Neville Thurlbeck, the former News of the World reporter who is at the center of the phone hacking crisis, wrote a candid essay on Wednesday, claiming that he is innocent of any wrongdoing and that beleaguered News Corp. COO James Murdoch was largely in the dark about the scandal.
In the essay, given exclusively to UK's Press Gazette, Thurlbeck said he had been building what he called a "dossier" of evidence dating back to 2009, to prove that the "for Neville" email — the notorious 2008 document which served as proof of the widespread scale of hacking at the News of the World — was never meant for him.
Thurlbeck also defended Murdoch's longstanding claim that he was unaware of the rampant nature of phone hacking until 2010 He wrote that "James Murdoch had been given nothing to see," and had to "face the damning allegation that he was guilty of 'willful blindness,'" when he testified before Parliament about his own phone hacking involvement.
Thurlbeck wrote that he had provided Labour MP Tom Watson with a "heap of information" showing that Murdoch was uninformed about phone hacking. Watson, who has been serving on Parliament's culture, media and sport select committee assigned to investigate the phone hacking scandal, was apparently "astonished" by the information provided, according to Thurlbeck. (In a statement, Watson said that he had turned this information over to the police. He also referenced his conversation with Thurlbeck during Murdoch's most recent Parliamentary hearing. )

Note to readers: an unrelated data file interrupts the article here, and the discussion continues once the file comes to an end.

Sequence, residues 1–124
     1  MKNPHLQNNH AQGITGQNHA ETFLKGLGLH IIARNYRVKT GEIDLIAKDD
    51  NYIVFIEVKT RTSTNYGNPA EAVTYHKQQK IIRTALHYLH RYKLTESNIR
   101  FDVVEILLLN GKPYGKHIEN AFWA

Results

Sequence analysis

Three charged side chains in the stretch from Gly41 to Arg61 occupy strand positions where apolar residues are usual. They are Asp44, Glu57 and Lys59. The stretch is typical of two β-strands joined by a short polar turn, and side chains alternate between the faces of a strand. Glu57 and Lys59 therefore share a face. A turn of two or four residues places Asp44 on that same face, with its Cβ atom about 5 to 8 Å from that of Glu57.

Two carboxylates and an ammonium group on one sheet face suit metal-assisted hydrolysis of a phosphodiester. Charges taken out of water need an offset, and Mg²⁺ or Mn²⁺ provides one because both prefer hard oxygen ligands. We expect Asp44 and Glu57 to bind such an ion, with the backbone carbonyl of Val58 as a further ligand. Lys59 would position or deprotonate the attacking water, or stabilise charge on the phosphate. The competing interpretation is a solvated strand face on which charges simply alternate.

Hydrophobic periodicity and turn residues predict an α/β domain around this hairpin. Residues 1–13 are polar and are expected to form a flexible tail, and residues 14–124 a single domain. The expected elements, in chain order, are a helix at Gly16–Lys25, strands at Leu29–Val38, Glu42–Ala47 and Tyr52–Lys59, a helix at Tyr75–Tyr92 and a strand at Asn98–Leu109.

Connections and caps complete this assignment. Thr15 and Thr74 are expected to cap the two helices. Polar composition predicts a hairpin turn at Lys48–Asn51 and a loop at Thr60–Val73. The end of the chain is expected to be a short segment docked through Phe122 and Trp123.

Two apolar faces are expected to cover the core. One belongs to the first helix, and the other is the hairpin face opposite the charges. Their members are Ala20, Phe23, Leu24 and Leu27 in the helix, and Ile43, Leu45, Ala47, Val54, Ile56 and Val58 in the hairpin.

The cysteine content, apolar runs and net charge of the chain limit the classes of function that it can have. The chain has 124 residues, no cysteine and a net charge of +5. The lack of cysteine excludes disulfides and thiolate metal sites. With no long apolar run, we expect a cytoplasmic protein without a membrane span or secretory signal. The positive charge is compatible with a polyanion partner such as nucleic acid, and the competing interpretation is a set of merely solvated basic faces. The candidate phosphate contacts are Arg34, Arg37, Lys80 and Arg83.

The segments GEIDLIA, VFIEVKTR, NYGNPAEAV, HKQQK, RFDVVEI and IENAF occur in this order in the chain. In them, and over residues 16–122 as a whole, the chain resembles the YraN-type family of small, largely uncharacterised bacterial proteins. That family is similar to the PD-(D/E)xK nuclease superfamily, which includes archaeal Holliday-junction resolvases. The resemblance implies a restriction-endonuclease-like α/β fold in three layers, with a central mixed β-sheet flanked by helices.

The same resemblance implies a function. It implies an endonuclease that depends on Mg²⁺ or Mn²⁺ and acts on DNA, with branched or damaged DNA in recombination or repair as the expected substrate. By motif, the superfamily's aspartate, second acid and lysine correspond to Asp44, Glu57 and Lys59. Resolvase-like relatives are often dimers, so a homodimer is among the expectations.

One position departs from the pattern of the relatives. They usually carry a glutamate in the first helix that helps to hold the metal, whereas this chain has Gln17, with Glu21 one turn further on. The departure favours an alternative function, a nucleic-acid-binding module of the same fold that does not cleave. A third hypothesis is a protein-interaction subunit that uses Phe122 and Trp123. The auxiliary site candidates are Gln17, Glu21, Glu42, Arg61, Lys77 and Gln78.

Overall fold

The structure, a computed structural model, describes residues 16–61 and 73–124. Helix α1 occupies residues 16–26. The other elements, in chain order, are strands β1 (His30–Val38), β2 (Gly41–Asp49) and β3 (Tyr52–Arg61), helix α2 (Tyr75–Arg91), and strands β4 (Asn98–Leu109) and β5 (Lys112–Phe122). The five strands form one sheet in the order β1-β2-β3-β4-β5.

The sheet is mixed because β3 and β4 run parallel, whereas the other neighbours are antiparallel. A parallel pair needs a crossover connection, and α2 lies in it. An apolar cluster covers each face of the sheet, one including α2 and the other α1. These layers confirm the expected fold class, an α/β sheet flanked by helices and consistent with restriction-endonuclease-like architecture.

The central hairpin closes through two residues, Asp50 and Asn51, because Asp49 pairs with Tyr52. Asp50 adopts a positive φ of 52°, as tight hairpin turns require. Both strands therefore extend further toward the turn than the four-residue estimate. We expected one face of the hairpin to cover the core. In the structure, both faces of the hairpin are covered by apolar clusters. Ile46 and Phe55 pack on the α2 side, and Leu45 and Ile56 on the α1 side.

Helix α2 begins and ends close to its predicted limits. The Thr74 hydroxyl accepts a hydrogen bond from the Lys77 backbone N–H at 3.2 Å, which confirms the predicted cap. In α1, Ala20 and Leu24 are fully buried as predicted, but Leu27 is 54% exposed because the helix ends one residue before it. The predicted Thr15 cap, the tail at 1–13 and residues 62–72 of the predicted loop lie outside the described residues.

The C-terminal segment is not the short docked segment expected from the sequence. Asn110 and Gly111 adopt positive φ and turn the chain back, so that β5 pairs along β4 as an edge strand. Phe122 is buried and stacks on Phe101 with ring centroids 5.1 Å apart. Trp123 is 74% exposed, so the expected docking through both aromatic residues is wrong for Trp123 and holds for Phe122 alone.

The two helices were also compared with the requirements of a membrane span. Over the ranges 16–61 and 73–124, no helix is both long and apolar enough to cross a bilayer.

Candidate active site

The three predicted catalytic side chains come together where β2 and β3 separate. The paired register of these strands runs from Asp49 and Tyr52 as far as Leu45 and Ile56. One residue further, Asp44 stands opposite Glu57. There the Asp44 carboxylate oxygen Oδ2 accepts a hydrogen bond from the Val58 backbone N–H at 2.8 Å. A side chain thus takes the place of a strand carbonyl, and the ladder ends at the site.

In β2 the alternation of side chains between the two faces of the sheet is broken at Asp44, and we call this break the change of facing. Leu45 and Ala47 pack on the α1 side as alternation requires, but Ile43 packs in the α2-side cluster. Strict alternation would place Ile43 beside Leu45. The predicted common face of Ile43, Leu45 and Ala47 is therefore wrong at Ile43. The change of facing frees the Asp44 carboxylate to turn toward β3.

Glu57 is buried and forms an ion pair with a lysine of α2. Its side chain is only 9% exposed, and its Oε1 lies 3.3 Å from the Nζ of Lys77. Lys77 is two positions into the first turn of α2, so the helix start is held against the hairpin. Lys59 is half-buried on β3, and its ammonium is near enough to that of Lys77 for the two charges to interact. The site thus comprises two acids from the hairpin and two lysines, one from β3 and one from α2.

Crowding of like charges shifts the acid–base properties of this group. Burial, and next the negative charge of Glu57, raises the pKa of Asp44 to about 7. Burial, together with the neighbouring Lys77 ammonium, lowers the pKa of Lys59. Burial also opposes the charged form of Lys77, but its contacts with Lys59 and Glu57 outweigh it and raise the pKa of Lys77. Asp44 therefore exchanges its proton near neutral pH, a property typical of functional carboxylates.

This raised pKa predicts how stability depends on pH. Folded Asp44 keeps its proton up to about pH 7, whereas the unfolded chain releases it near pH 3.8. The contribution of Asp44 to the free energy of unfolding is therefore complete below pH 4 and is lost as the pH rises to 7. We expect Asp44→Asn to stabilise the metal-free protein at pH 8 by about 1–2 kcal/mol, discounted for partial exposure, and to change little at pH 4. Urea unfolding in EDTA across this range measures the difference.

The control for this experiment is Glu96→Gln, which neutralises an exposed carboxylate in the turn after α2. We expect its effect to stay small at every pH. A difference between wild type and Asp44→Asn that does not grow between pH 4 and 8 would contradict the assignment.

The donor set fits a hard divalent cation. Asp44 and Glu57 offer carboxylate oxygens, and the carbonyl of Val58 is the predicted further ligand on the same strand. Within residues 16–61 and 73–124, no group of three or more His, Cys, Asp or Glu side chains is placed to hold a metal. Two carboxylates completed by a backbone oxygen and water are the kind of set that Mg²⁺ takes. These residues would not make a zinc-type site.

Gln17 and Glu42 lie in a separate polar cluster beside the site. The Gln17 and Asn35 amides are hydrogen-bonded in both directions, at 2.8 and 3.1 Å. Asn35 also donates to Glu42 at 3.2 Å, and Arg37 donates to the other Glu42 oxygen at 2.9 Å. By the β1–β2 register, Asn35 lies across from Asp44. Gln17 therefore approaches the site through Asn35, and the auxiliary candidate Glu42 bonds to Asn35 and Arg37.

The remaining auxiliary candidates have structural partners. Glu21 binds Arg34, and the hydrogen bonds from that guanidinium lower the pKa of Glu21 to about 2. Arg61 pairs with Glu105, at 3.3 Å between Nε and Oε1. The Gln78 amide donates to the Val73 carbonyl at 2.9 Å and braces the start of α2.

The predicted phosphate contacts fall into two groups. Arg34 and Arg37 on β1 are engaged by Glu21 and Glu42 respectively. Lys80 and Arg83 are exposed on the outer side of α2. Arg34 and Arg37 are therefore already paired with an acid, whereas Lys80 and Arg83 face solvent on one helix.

Thurlbeck was thrust into the spotlight in 2009 when the Guardian broke the story that News of the World had paid Gordon Taylor, the head of Britain's soccer union, a settlement of nearly one million pounds over phone hacking. The "for Neville" email was at the center of Taylor's claim against the paper. But in his essay, Thurlbeck said that another reporter, Ross Hall, had been ordered to write the contents of the email at the behest of an unnamed executive, all without his knowledge. He wrote that he proved this definitively to his bosses, but was astonished when they refused to accept his evidence.
Thurlbeck previously spoke out about his side of the story last week during an interview with BBC.